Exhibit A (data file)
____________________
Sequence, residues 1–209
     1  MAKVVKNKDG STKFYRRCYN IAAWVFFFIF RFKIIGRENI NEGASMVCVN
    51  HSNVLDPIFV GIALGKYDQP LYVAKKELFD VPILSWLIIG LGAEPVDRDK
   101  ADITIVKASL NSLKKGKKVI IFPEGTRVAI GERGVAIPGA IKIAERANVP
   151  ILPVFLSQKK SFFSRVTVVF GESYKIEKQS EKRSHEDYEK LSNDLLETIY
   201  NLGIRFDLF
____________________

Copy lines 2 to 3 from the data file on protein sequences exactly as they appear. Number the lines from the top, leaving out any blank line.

     1  MAKVVKNKDG STKFYRRCYN IAAWVFFFIF RFKIIGRENI NEGASMVCVN
    51  HSNVLDPIFV GIALGKYDQP LYVAKKELFD VPILSWLIIG LGAEPVDRDK